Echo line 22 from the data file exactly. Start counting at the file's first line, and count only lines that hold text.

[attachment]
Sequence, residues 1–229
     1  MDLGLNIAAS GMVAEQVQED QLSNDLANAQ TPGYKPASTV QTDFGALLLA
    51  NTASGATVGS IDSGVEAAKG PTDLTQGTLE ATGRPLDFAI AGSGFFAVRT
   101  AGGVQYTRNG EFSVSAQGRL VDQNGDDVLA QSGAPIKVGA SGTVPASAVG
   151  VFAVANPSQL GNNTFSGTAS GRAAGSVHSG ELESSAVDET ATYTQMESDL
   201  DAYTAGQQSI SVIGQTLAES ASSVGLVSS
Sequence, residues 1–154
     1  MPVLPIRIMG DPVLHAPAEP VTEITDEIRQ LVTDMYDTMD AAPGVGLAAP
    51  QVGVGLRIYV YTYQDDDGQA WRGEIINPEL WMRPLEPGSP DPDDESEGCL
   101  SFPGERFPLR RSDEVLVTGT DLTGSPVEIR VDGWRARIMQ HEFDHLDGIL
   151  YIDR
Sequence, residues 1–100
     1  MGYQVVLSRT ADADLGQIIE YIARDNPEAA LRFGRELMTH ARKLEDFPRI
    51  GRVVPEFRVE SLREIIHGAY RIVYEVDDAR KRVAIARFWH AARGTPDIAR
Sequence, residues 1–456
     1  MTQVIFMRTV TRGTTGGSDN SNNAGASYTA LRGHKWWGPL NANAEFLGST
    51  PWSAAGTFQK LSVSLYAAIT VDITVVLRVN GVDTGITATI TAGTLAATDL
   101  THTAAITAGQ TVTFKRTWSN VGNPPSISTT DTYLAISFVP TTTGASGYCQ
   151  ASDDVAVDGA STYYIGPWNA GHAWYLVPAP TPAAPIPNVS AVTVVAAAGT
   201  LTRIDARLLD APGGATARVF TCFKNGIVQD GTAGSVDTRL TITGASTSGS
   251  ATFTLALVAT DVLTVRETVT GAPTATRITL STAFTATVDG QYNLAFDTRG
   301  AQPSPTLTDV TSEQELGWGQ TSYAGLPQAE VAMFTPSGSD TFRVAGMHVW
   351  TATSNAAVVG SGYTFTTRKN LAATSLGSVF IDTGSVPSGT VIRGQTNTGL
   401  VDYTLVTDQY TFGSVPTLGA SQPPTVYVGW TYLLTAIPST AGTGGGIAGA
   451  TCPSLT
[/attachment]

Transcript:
   301  AQPSPTLTDV TSEQELGWGQ TSYAGLPQAE VAMFTPSGSD TFRVAGMHVW